For many of us we started to look at the food that we ate or the body that we had when we hit puberty. I know for me, I never really thought about it until I was about 13 and started to think I was “fat”. I wasn’t even close, but I was not a stick figure either. I was a quadruple sport athlete, and was very muscular but I misinterpreted being in shape for the word “fat”. I started watching every calorie I ate, and stayed away from anything that had an ounce of fat in it; if I ate fat I was going to get fat right?…..
Looking back, I had a body that probably most “skinny” girls would have wanted, but I let magazines, social media, and other outlets try to convince me that unless I looked like a wafer I would never be “pretty”.
When I look at this picture now it is so sad to me, that not only did I waste so much time worrying about what people thought, but I also was setting a trend and pattern that would haunt me for the rest of my life; I was never going to be satisfied with how I looked because I wasn’t satisfied with myself!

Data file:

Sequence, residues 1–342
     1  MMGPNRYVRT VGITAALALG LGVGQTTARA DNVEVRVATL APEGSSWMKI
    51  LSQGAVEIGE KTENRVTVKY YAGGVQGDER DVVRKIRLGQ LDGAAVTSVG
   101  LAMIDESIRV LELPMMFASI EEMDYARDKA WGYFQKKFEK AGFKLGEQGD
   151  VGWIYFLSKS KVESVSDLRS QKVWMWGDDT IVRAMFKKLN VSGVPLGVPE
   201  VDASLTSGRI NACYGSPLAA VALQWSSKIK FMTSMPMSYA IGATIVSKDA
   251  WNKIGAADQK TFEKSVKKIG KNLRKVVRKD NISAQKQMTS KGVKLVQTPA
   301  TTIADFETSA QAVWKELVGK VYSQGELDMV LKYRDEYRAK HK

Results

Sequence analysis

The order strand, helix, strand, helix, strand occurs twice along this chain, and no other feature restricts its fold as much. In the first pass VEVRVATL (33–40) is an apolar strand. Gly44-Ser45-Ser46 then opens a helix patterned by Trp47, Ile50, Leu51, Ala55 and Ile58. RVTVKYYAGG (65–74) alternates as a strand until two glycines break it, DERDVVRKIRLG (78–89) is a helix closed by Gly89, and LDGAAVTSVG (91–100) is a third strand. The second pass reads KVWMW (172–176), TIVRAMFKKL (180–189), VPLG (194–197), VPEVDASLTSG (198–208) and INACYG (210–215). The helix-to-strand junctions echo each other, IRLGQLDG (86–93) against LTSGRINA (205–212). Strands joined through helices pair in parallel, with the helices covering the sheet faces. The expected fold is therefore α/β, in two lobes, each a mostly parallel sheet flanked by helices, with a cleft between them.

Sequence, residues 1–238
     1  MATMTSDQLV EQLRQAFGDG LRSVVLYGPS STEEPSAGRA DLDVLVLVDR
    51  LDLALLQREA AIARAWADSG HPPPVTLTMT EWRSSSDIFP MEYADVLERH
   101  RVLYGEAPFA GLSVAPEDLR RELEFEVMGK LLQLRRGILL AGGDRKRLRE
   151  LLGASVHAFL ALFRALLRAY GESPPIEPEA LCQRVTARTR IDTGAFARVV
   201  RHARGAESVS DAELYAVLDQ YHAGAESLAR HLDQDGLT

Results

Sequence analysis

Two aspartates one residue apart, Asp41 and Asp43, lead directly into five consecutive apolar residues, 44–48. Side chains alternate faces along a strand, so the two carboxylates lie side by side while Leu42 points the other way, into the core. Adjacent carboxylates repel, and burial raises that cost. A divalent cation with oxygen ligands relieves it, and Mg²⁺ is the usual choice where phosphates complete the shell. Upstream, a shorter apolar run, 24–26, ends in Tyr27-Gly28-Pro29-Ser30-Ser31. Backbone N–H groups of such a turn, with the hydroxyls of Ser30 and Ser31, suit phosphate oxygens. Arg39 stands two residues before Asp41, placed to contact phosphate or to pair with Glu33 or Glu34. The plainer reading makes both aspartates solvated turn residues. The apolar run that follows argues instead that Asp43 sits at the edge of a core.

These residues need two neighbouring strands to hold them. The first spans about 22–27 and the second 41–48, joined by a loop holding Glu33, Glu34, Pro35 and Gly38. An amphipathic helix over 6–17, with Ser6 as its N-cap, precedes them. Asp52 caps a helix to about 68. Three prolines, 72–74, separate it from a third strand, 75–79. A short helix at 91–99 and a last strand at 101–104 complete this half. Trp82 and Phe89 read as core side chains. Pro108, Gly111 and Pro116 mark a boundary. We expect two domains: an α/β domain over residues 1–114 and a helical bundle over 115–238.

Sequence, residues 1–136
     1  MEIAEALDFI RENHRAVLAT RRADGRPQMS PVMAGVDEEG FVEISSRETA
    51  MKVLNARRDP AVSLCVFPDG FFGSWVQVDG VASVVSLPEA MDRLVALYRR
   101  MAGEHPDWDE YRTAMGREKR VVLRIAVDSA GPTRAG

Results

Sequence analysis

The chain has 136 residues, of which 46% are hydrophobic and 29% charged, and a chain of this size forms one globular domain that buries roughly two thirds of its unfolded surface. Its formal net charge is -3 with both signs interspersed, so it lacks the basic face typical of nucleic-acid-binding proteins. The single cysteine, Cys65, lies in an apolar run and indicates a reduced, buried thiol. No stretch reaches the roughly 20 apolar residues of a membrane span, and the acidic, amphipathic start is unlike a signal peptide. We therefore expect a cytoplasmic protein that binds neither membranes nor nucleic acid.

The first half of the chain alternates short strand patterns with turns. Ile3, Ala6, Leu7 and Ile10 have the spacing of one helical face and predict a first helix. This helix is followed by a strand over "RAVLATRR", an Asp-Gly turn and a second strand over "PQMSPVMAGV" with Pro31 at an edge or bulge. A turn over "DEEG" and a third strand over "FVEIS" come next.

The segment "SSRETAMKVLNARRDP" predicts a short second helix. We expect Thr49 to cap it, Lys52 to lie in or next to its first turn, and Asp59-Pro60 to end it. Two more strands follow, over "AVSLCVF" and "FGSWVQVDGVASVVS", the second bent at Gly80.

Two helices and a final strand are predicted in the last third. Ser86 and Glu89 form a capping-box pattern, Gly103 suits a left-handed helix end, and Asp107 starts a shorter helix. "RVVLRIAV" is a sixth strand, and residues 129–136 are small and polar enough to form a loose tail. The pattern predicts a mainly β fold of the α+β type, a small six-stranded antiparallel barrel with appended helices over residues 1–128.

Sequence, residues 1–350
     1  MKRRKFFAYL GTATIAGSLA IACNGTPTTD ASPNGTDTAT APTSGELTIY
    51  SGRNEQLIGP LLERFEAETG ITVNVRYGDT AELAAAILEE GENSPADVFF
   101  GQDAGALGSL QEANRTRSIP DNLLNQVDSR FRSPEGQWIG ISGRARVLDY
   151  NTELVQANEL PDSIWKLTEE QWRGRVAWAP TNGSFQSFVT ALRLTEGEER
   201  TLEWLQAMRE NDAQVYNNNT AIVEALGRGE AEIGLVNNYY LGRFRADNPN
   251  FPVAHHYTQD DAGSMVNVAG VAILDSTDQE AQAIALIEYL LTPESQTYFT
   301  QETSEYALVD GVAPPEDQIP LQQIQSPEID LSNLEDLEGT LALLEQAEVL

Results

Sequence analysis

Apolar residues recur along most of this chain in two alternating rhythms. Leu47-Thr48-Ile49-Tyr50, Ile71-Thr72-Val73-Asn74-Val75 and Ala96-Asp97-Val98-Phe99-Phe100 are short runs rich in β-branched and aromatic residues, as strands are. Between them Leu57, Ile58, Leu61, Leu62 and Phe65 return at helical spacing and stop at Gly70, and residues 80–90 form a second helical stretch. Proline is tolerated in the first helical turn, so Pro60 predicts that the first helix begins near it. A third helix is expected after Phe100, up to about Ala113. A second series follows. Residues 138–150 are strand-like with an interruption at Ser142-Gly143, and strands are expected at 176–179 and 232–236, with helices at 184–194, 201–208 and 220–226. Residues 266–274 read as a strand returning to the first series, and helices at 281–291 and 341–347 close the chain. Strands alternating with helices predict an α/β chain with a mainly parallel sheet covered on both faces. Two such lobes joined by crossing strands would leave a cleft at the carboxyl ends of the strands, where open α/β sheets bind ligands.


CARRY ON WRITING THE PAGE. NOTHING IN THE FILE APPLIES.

I found this wonderful article on the CrossFit Games site (www.games.crossfit.com) about a 14 year old who was in the same boat as most teenage girls, but after being introduced to the CrossFit community changed her outlook on body image for girls her age. She didn’t want to be skinny because that was “weak”, she wanted to be strong, muscular, and most of all healthy!
Please forward this article to anyone you know with teenage daughters, friends, or family. My path of how I viewed myself and food would have been drastically different if I would have just loved myself for the strong, healthy,
beautiful teenage girl that I was. If we can change this morphed perseption into a positive healthy outlet it will save many teenage girls and grown women lives!
50 Wall-ball shots, 20 pound ball
35 Wall-ball shots, 20 pound ball
Row 500 meters
Posted by Annie.